The problems with Universal Credit are grim. There are not really more of them, there are just more of the old problems.

The report on Universal Credit by the Public Accounts Committee is pretty damning, but that should come as no surprise.  The PAC argues, amongst other things, that

  • The Department’s systemic culture of denial and defensiveness in the face of any adverse evidence presented by others is a significant risk to the programme.

  • Universal Credit causes financial hardship for claimants including increased debt and rent arrears, and forces people to use foodbanks.

  • The Department is failing vulnerable claimants because it places too much reliance on the discretion of its work coaches to identify and manage the needs of people requiring extra support.

  • The package of support to help claimants adjust to Universal Credit is not fit for purpose

  • Universal Credit is pushing costs onto the local organisations that support claimants – including local authorities, housing associations, and foodbanks.

  • We are seriously concerned about the Department’s ability to transfer around 4 million people from existing welfare benefits to Universal Credit without causing further hardship to claimants.

They also comment that the DWP can’t assess or justify its claim that UC will push another 200,000 people into work, but that’s hardly a major criticism; the suggestion that a rollout causing hardship to 6-7 million people can possibly be justified by changing the behaviour of 200,000 of them simply reinforces the lamentable distortion of perspective and priorities that has blighted this system from the start.

The flurry of criticisms that people have been making in the last couple of weeks are of different kinds.  Some are about poor administration.  Claimants are supposed to track changes in their online journals, and the DWP can’t absorb information that’s presented in this way.  (Even The Sun has noticed.)  Claimants who fall into rent arrears – that’s most – may have direct payments to landlords, but there is evidence from Citizens Advice that in some cases the DWP is deducting the rent from the benefit and not passing it on.  A disturbing proportion of new claims are paid late, or not paid enough.  The DWP is holding claimants to standards that it’s unable to meet itself.

Other criticisms, however, concern the way the benefit has been designed.  The concern about women at risk of abuse was raised formally more than five years ago.  UC has also been criticised for not being able to deal with people who don’t fit in its boxes, but the problems with dealing with non-standard “pathways” were identified right at the start.  In 2003, the DWP commissioned a report which told them that segmentation, or working to ‘typical’ profiles, wouldn’t work: “Profiling outperforms the random allocation of treatments but wrong denial and wrong treatment rates are not trivial”.  That didn’t deter pilots of segmentation for unemployed people in 2005, presenting details of segments in 2010 (when UC was first announced) and further commissioning of a ‘proof of concept’ on it in 2014.  The problem is basic.  This system is supposed to offered a personalised response to millions of people, and with that many people, there will always be some who just don’t fit.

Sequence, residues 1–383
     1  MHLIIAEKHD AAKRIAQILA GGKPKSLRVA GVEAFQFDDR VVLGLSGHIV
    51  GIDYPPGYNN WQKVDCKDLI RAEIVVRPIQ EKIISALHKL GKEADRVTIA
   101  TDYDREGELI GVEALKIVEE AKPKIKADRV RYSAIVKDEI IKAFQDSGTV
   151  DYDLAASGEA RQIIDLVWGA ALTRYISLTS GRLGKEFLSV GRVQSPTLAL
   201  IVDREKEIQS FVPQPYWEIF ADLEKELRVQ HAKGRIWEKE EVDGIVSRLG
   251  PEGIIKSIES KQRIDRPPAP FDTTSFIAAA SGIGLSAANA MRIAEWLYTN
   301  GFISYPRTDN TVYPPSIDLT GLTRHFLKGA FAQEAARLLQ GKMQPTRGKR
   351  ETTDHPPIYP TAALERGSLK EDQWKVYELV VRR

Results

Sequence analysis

3 thoughts on “The problems with Universal Credit are grim. There are not really more of them, there are just more of the old problems.”

  1. John Seddon of Vanguard Consulting writes regularly about this topic and arrives at much the same conclusions as stated – particularly those concerning the inability for software systems to deal with the complexity of demand – something he has been banging on about for years to deaf ears in Government.

    Never mind ‘nudge’. UC is about kicking people into work by reducing them to being paupers or making them disappear and become a cost expenditure on someone else’s limited and tightening budget . Desperate people who need money do not have the liberty to think about a joining a union, work place rights, zero hours contracts and poor pay and conditions. I know people who have jobs and after they’ve travelled on expensive privately provided ‘public transport’ have very little left for other expenses.

    UC is created by people who do not know how the majority of people in this country live.

  2. Leaving aside the misery caused to claimants, from a broader public policy view, it is depressing how little governments and bureaucracies learn from these systematic failures, particularly the billions wasted on unfit IT systems!

    1. Just after I made the above post, I read on the Scottish Parliament web site the agenda for the next Social Security Committee on 1.11.18. Among various interesting agenda items is a submission from the PCS, civil servants union, on their members experiences, as DWP/HMRC of trying to implement UC in Scotland!

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